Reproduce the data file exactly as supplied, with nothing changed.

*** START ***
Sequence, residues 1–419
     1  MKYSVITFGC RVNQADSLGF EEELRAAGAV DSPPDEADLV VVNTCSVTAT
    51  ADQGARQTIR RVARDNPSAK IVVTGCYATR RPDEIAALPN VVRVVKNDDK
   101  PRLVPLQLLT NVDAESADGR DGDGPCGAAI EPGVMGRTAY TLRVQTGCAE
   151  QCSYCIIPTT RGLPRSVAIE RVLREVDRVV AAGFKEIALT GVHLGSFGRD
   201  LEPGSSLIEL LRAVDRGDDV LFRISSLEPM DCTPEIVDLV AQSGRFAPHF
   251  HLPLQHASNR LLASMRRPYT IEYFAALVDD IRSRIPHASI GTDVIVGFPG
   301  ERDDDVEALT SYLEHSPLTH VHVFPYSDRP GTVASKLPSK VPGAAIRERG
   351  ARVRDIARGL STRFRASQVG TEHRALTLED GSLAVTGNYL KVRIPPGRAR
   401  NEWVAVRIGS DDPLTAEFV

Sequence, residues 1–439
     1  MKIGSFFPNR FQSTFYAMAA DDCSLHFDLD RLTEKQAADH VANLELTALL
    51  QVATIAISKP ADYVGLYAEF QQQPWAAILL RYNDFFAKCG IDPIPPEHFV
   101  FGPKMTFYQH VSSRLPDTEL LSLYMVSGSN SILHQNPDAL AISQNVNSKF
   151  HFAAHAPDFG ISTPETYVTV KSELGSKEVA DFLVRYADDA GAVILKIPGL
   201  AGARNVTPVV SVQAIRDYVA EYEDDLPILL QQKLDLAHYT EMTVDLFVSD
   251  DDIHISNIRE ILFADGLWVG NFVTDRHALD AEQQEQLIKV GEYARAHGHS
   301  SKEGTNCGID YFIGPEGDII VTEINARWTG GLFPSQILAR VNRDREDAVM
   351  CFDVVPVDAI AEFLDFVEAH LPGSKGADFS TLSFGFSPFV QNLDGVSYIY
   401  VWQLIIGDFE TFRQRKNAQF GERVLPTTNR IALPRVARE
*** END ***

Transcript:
Sequence, residues 1–419
     1  MKYSVITFGC RVNQADSLGF EEELRAAGAV DSPPDEADLV VVNTCSVTAT
    51  ADQGARQTIR RVARDNPSAK IVVTGCYATR RPDEIAALPN VVRVVKNDDK
   101  PRLVPLQLLT NVDAESADGR DGDGPCGAAI EPGVMGRTAY TLRVQTGCAE
   151  QCSYCIIPTT RGLPRSVAIE RVLREVDRVV AAGFKEIALT GVHLGSFGRD
   201  LEPGSSLIEL LRAVDRGDDV LFRISSLEPM DCTPEIVDLV AQSGRFAPHF
   251  HLPLQHASNR LLASMRRPYT IEYFAALVDD IRSRIPHASI GTDVIVGFPG
   301  ERDDDVEALT SYLEHSPLTH VHVFPYSDRP GTVASKLPSK VPGAAIRERG
   351  ARVRDIARGL STRFRASQVG TEHRALTLED GSLAVTGNYL KVRIPPGRAR
   401  NEWVAVRIGS DDPLTAEFV

Sequence, residues 1–439
     1  MKIGSFFPNR FQSTFYAMAA DDCSLHFDLD RLTEKQAADH VANLELTALL
    51  QVATIAISKP ADYVGLYAEF QQQPWAAILL RYNDFFAKCG IDPIPPEHFV
   101  FGPKMTFYQH VSSRLPDTEL LSLYMVSGSN SILHQNPDAL AISQNVNSKF
   151  HFAAHAPDFG ISTPETYVTV KSELGSKEVA DFLVRYADDA GAVILKIPGL
   201  AGARNVTPVV SVQAIRDYVA EYEDDLPILL QQKLDLAHYT EMTVDLFVSD
   251  DDIHISNIRE ILFADGLWVG NFVTDRHALD AEQQEQLIKV GEYARAHGHS
   301  SKEGTNCGID YFIGPEGDII VTEINARWTG GLFPSQILAR VNRDREDAVM
   351  CFDVVPVDAI AEFLDFVEAH LPGSKGADFS TLSFGFSPFV QNLDGVSYIY
   401  VWQLIIGDFE TFRQRKNAQF GERVLPTTNR IALPRVARE